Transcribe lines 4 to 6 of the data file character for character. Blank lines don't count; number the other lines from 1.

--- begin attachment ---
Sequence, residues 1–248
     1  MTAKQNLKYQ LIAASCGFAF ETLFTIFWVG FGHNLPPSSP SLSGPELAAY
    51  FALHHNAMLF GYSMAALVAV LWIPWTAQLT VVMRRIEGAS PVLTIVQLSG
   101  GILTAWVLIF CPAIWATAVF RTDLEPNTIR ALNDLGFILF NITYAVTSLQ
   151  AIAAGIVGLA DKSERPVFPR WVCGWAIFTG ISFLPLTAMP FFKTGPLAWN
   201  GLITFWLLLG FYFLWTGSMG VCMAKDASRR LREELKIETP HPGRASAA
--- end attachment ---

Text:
   101  GILTAWVLIF CPAIWATAVF RTDLEPNTIR ALNDLGFILF NITYAVTSLQ
   151  AIAAGIVGLA DKSERPVFPR WVCGWAIFTG ISFLPLTAMP FFKTGPLAWN
   201  GLITFWLLLG FYFLWTGSMG VCMAKDASRR LREELKIETP HPGRASAA